Disposable income down €356m

Household disposable income levels fell by a combined €356m or 0.4% last year, figures show.

Preliminary estimates published by the CSO show the average combined gross disposable income of households amounted to just over €88.8bn, as of the end of 2011.

This was down from the just under €89.2bn recorded at the end of 2010.

Unsurprisingly, the latest figures also show a significant enough drop in consumption expenditure levels — with consumer spending falling by 1.2%, or €945m, during 2011, from €79.3bn in 2010 to €78.35m.

According to the CSO data, the gross savings ratio — which expresses savings as a percentage of gross disposable income — increased from 13.4% to 14.1% over the course of the last year. In the fourth quarter of 2011, that measure jumped from 2.8% to 6.3% on a year-on-year basis.

However, the latest data also showed that on the capital side of things, investment by the Government last year amounted to €5.3bn, while there was also a substantial capital transfer of €5.8bn relating to bank recapitalisation.

However, last year did see some improvement in the Government’s savings deficit — with the annual figure going from a deficit of €13.02bn in 2010, to a deficit of €10.63bn by the end of last December.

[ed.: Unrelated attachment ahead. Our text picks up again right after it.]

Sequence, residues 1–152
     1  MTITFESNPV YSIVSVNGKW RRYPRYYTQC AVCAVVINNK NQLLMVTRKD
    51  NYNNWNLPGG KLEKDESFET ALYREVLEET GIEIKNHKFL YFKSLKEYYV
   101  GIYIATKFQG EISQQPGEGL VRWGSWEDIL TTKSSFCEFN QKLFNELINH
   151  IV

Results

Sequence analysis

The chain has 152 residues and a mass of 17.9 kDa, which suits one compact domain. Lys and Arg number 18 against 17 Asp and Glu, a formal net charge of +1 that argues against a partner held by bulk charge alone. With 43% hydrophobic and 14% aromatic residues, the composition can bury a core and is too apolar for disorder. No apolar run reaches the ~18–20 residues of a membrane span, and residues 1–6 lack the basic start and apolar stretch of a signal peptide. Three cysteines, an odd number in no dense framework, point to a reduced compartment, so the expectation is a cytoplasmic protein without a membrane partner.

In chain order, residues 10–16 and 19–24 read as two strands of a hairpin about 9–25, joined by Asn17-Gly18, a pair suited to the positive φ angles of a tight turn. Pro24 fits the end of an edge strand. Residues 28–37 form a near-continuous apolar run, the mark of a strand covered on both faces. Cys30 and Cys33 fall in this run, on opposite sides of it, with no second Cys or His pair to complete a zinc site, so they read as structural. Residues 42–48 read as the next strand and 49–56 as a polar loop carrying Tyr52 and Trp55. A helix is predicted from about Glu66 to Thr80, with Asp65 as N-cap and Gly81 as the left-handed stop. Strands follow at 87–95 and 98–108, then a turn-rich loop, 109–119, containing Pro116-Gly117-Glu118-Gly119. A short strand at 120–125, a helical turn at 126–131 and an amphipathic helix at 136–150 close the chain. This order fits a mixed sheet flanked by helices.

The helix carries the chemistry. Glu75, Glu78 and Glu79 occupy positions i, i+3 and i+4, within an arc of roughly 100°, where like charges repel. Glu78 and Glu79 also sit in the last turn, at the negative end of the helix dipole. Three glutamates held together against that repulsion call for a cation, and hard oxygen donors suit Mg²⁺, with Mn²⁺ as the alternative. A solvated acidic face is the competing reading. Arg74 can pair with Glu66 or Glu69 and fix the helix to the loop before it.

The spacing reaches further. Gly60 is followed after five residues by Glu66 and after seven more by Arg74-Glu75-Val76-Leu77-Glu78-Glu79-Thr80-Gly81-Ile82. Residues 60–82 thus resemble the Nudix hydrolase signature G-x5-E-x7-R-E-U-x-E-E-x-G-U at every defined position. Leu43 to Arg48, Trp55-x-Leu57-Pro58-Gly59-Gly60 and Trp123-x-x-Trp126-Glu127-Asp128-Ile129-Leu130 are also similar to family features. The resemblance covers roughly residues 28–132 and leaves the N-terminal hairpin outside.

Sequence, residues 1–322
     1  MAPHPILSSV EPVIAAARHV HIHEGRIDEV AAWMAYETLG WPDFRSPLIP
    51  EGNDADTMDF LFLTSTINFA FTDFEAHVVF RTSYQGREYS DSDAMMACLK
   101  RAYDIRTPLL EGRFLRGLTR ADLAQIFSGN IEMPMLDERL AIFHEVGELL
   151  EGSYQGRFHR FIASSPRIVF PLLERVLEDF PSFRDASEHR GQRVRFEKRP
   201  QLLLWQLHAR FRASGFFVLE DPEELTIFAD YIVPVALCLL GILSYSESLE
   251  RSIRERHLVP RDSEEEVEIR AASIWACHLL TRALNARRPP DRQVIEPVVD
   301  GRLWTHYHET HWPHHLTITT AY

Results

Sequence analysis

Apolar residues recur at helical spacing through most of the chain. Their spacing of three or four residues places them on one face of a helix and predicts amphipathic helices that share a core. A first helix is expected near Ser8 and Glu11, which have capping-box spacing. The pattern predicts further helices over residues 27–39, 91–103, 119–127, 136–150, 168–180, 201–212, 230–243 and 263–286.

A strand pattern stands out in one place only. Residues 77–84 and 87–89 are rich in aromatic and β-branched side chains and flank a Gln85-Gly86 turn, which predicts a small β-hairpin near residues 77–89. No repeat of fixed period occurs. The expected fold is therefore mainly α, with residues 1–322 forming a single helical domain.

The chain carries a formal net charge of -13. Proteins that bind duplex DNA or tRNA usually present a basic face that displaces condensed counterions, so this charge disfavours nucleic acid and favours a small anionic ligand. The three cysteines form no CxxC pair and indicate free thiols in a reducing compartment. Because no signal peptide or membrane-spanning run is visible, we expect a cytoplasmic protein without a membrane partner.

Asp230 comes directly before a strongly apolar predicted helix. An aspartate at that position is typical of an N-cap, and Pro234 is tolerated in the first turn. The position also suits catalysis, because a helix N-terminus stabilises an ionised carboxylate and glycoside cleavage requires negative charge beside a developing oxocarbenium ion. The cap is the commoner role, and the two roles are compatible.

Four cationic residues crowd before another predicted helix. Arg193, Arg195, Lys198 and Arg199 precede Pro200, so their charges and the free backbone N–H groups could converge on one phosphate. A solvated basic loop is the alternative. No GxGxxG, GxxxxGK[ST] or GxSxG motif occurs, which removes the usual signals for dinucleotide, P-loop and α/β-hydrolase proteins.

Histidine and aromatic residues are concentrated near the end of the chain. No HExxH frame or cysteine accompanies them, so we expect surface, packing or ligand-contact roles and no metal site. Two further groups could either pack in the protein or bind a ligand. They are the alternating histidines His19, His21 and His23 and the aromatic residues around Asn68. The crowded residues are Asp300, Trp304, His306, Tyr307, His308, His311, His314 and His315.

Taken together with the Government investment figure, this means that there was a net borrowing requirement of just over €21bn for Government as of the end of 2011.

The drop in the Government savings deficit was attributed by the CSO to higher taxes — particularly levies on income and wealth; which at a combined €18.34bn, showed an increase of almost €2bn last year.

Yesterday’s quarterly institutional sector accounts follow up on recent findings from CSO boffins showing that retired people saw their household disposable income rise by nearly €500 last year, while households where the main breadwinner was a recent college graduate saw their disposable income drop by over €17,000.

Social Justice Ireland last week , warned Government that poor and vulnerable members of Irish society are taking a “disproportionate” hit in the latest budgetary adjustments being made.


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